More than 50 per cent of the water in the system is lost by way of evaporation or seepage into the ground. The water that seeps into the ground is recovered by half a million tube wells that have been installed over the last 50 years. Ground water pumping has increased from 3.34 MAF in 1959 to 55 MAF in 2009. Tapping of this resource is done without regulation. The result is that there is “mining” of water with the amount extracted exceeding the amount of natural recharge. About 70 per cent of the working tube wells are producing hard or brackish water which is exacerbating the salinity problem.

Climate change is also affecting Pakistan’s water situation. Glacier retreat is likely to reach 40 to 50 per cent of the area currently under ice cover and as the Pakistani rivers receive most of their flow from melting ice. This will have serious consequences for the availability of water. As the World Bank stated in a major report on Pakistan’s water resources, “while the science is still in its infancy, best estimates are that there will be 50 years of glacial retreat, during which time river flows will increase.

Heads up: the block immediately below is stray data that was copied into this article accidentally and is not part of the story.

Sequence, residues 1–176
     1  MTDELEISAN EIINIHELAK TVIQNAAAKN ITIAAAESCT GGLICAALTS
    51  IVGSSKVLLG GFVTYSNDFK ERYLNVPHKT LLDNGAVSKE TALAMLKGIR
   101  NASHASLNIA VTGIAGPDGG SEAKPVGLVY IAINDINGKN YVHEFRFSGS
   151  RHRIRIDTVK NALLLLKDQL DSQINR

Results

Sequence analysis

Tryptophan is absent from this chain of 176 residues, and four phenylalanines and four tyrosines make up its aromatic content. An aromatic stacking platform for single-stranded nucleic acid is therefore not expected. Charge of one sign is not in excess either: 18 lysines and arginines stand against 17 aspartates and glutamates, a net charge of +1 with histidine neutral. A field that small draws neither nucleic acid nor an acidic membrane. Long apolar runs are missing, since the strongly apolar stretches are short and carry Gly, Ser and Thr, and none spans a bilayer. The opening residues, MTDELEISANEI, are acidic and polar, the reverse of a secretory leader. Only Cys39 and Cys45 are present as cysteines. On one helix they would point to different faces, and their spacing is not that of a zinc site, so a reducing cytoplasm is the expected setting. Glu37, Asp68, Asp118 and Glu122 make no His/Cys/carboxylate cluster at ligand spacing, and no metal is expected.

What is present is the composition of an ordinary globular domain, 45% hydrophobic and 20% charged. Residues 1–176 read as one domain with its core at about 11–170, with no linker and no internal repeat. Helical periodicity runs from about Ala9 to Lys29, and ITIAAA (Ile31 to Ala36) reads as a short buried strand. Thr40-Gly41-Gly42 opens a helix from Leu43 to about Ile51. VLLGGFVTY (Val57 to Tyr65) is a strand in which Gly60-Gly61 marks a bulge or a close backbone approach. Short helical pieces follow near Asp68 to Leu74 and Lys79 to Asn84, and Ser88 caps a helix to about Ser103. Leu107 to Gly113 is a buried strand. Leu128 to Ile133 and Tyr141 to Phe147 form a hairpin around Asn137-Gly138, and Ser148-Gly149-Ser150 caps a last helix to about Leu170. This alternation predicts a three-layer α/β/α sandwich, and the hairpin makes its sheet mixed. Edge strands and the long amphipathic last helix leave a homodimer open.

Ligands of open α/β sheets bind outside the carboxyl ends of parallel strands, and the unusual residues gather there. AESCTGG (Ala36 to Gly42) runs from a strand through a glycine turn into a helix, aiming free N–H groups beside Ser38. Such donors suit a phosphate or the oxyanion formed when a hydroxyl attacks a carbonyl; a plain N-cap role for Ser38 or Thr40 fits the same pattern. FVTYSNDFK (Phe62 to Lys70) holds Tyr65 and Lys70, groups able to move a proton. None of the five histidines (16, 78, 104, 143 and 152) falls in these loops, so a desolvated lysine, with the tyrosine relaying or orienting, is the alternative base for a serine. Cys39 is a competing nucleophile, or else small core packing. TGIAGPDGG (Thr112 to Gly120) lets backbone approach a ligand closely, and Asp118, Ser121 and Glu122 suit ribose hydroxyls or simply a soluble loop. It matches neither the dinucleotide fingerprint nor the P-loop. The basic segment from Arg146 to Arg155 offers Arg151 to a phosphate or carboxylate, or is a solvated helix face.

This — especially in combination with predicted more flashier rainfall — is likely to exacerbate already serious problems of flooding and draining, especially in the lower parts of the basin in the next few decades. But then the glacial reservoirs will be empty, and there are likely to be dramatic decreases in river flows, conceivably by terrifying 30-40 per cent in the Indus basin.”

Some of the problems that are taking the country towards water scarcity can be resolved by adoption of appropriate public policies. But this, as in so many other cases, will need the exercise of political will. The level of resources needed for development — building of new storage dams and improving the system of irrigation — will have to be increased. This will require a greater fiscal mobilisation effort which means plugging of loopholes in tax structure, widening the tax base and improving the efficiency of the tax collection machinery.